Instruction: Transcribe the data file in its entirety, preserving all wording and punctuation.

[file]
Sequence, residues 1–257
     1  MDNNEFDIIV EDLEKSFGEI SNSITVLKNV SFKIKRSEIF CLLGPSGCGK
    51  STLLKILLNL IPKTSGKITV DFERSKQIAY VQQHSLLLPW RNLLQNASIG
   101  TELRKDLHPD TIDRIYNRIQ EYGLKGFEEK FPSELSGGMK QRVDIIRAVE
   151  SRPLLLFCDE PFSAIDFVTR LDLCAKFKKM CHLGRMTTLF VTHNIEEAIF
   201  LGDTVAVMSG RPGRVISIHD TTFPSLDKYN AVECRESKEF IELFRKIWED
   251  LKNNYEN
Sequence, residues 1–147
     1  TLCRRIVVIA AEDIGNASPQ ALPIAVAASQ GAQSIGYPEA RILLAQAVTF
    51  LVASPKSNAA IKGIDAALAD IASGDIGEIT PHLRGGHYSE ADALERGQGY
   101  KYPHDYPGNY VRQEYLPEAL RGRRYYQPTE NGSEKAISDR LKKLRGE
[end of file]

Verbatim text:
Sequence, residues 1–257
     1  MDNNEFDIIV EDLEKSFGEI SNSITVLKNV SFKIKRSEIF CLLGPSGCGK
    51  STLLKILLNL IPKTSGKITV DFERSKQIAY VQQHSLLLPW RNLLQNASIG
   101  TELRKDLHPD TIDRIYNRIQ EYGLKGFEEK FPSELSGGMK QRVDIIRAVE
   151  SRPLLLFCDE PFSAIDFVTR LDLCAKFKKM CHLGRMTTLF VTHNIEEAIF
   201  LGDTVAVMSG RPGRVISIHD TTFPSLDKYN AVECRESKEF IELFRKIWED
   251  LKNNYEN
Sequence, residues 1–147
     1  TLCRRIVVIA AEDIGNASPQ ALPIAVAASQ GAQSIGYPEA RILLAQAVTF
    51  LVASPKSNAA IKGIDAALAD IASGDIGEIT PHLRGGHYSE ADALERGQGY
   101  KYPHDYPGNY VRQEYLPEAL RGRRYYQPTE NGSEKAISDR LKKLRGE